(CNN) — If you're planning to travel to Ireland, here's what you'll need to know and expect if you want to visit during the Covid-19 pandemic.
Ireland has done better than its closest neighbors in terms of case numbers and deaths, which are among the lowest in Europe -- but that's thanks to one of Europe's harshest lockdowns throughout the pandemic.
Alongside its EU counterparts, it has now reopened to visitors. Arrivals are allowed from any country, though some must quarantine on arrival.
However, it's not all good news -- on August 3, the US Centers for Disease Control and Prevention (CDC) advised US citizens against all travel to Ireland, following a rise in infection rates.
Note that Northern Ireland is part of the UK and operates under separate Covid restrictions, which you can read about in our UK guide.
What's on offer
The wild coasts of Cork and Kerry, the rugged beauty of Connemara and Donegal and the cultural hub of Dublin. Ireland has long held travelers' imaginations captive, with tales of its history, its great literature and Celtic myths an endless source of fascination.
Sure, you can enjoy a few pints in one of its classic pubs, but with so much to explore, Ireland is as much a place to indulge in the great outdoors as it is to enjoy the craic.
Who can go
Since July 19, EU residents have been able to enter Ireland, using the EU Digital Covid Certificate scheme. Vaccinated or recovered travelers from all other countries can enter quarantine-free. See below for restrictions.
Irish citizens who have received their Covid vaccinations outside of Ireland will soon be able to apply for an EU Digital Covid Certificate through an Irish government portal which launched September 30. The service is initially open only to Irish citizens in Northern Ireland but on October 21 the opportunity will be extended to all Irish citizens vaccinated outside the EU.
What are the restrictions?
They must also produce either proof of vaccination or a negative PCR test taken within 72 hours of arrival, written in English or Irish. Vaccinations must be those approved by the European Medicines Agency, and the cycle must have been completed seven days earlier for Pfizer, 14 days earlier for Moderna or Johnson & Johnson, or 15 days earlier for AstraZeneca.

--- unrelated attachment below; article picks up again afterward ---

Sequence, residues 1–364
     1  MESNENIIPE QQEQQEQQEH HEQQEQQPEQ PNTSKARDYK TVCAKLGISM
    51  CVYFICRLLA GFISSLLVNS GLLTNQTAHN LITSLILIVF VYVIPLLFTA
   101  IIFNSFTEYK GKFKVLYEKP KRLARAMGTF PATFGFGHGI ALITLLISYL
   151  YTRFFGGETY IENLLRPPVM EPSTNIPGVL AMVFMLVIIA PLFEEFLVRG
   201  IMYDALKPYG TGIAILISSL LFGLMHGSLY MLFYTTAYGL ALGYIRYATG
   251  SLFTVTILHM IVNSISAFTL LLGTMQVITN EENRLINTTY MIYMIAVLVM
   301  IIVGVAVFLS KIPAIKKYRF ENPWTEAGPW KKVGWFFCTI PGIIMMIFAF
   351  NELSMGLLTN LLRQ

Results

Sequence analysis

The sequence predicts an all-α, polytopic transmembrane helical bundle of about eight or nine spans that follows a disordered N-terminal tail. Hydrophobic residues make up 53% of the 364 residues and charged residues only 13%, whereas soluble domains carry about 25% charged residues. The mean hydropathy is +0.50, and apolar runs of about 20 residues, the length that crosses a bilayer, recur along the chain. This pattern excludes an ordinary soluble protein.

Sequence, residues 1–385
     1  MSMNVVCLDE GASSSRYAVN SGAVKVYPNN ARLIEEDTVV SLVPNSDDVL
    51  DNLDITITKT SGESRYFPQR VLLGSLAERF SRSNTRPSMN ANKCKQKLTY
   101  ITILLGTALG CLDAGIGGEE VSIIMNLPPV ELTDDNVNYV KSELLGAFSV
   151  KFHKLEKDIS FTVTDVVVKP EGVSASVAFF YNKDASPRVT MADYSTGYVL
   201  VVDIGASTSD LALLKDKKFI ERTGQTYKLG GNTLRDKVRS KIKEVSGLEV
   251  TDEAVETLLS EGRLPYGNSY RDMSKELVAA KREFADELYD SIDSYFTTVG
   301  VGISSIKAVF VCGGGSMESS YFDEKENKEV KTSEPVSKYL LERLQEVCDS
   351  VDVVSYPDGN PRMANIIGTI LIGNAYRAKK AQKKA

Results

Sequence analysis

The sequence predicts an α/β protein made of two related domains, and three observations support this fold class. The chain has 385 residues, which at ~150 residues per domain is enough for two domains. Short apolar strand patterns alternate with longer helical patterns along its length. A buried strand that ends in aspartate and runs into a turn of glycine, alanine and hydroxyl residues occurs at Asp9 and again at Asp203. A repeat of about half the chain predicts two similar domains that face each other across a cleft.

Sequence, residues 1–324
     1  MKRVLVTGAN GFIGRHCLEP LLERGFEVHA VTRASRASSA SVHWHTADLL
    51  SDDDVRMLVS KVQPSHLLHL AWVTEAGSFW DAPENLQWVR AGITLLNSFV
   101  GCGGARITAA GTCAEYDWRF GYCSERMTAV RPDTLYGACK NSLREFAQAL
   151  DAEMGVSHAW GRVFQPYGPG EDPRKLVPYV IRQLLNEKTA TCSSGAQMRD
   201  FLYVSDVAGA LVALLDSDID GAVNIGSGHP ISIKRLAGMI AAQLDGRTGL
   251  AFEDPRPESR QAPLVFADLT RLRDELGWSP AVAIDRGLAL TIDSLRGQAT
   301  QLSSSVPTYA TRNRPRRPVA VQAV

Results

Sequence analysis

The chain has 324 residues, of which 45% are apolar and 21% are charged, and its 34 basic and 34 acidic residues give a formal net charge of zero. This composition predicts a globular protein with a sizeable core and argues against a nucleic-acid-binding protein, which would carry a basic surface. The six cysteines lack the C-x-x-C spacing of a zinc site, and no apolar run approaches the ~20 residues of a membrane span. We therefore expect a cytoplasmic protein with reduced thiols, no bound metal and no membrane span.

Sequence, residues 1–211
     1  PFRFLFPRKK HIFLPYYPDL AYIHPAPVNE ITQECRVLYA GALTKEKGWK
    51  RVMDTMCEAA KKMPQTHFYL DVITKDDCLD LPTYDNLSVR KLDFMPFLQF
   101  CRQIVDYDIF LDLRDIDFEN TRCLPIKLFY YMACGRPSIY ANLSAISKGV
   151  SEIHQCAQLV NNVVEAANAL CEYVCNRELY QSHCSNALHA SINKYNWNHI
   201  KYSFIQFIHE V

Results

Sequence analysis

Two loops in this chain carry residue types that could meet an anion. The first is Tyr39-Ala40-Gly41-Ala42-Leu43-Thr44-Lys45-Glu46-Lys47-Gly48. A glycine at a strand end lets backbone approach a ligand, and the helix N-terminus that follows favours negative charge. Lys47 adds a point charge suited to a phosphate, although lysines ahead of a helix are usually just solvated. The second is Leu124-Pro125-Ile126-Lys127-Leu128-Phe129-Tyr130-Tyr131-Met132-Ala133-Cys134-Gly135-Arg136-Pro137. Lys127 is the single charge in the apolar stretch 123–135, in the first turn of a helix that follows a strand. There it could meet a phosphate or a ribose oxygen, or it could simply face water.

An EU Digital Covid Certificate is also acceptable proof -- although if the certificate shows an antigen test, the traveler will be required to provide an additional PCR test.
A proof of recovery certificate, in English or Irish, is also acceptable. It must be within 180 days of the patient's first positive test.
These rules also apply to children over the age of 12, who must show proof of vaccination, recovery or a negative PCR test. Children do not have to quarantine on arrival, if accompanying vaccinated or recovered adults.
If you're arriving from a non-EU country (including the UK) but you do not have proof of vaccination, testing or recovery, you must quarantine at home for 14 days -- although can leave after five with a negative PCR test.
What's the Covid situation?
Although the situation in Ireland has vastly improved since the start of 2021, when a massive wave led to another stringent lockdown, cases recently crept up again. As of October 13, there have been 405,970 cases and 5,280 deaths. More than 75% of the population has been fully vaccinated, according to the Johns Hopkins Coronavirus Resource Center.
What can visitors expect?
Ireland spent much of the pandemic in deep hibernation, its pubs and restaurants shut, and tourist hotspots empty. Now though, reopening is finally underway. Pubs were closed completely from December 2020 until June 2021, but but now offer outdoor and indoor dining -- although for indoors, you must present proof that you have been fully vaccinated or recovered from Covid-19 in the last six months (along with ID). Outdoor events capped at 200 can now take place.
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Dublin, meanwhile, remains one of Europe's best destinations for a city break. And while a sea bridge to Scotland has recently been rejected, you can always test your head for heights on the footbridge at Mizen Head, the most southwesterly point on the island of Ireland.